On The Scene: Yugong Yishan 15-03-2013


How could I ever turn down Mongolian hip-hop? No friggin way. Yeah yeah, you got to see Russian hardcore, Brazilian post-punk, Tasmania metal, but I, good sir, got to feast my eyes on Mongolian hip hop. First off though, was a showing of Mongolian Bling, the documentary by Benj Binks, which was a great entry point into exploring how hip hop found its way into  Ulaanbaatar over the past two decades, transforming the urban culture in various ways. Incredibly insightful and engaging, following three narratives in the hip-hop world, the film was jealously good – made with skill, spunk, and most importantly, a butt load of patience. Yeah, six years filming – don’t think I would have ever have that in me. But back to the main course, Quiza, one of the film’s stars, who made his Beijing debut tonight at Yugong Yishan, and did not disappoint.

So scratch that one off my list. Oh and read below to check out our own Nasty Ray freestyling and an abridged version of Hanggai representing Mongolian.


It was interesting watching Nasty Ray immediately after the documentary. One of the themes explored throughout the film is the authenticity of hip hop in Mongolian – does it have its own elements or is it simply a rip off of Western rap and hip hop. The film offers no answer (as it should) but I kept reminding myself of this as Nasty Ray gave audiences a taste of his ‘natural flavor’.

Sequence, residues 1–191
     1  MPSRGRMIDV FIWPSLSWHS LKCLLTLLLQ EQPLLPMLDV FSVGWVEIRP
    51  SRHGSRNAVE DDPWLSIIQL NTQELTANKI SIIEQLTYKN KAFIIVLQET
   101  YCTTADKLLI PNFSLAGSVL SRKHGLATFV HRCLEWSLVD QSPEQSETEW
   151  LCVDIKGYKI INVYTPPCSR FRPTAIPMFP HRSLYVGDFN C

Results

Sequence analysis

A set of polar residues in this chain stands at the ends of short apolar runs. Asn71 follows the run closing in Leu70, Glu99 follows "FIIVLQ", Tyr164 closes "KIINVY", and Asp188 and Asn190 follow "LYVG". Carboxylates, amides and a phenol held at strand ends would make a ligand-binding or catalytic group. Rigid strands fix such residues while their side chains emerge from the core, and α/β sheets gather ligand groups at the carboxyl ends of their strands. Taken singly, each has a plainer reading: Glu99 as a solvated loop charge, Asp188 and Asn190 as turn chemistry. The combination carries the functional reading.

Literally box checking down a list of hip hop greats, 2pac, Biggie, Public Enemy, Nasty Ray owes a lot to the scrappy young rapper of the early nineties. Perhaps a bit too much. I will say this – the man knows how to freestyle (around the 4:44 mark). But as a friend tells me everytime I bring up the good ol’ Nasty, man needs some real beats backing him – something a little more to chew on.

\"quiza1b\" And by beats, this is how you produce something – Quiza the totted ‘traditional’ rapper of Ulaanbaatar, made his way uneasily on stage to an audience full of Chinese, laowais, and surprisingly some Mongolian blood as well. After a clumsy first minute, Quiza fell right into the groove and gave hip hop more than enough to chew on.

Vibrant, engaged, and with a flow your ayi would be proud of, Quiza was the real deal. Nothing feels rehashed here – using beats which mix old school glossy West Coast stylings along with traditional Mongolian elements ranging from two-bowed strings to khöömii style singing, it approaches the genre through a new lens. Lyrically, it sounds as though Quiza has something on his mind, a message if you will, made clear in his rich yet heavy edged language. Perhaps the film spoiled me before, but if Quiza is the ambassador of Mongolian rap, I think it’s definitely headed in the right direction.


And if that wasn’t enough audiences were treated to a little Hanggai, albeit without the hardy voiced Lao Hu on lead. Nevertheless, any Hanggai is still better than no Hanggai.

In fact, I was pleasantly surprised at how well Ileta did on lead mic – adding a warm almost melancholic depth to a lot of their already widely known songs. This note was hit upon further when the band finished on this lovely lullaby.

Perhaps because I’ve seen Hanggai so many times already, but I find myself appreciating the abbreviated versions of Hanggai more and more. Speaking of bling bling , gotta get me some of those kicks.


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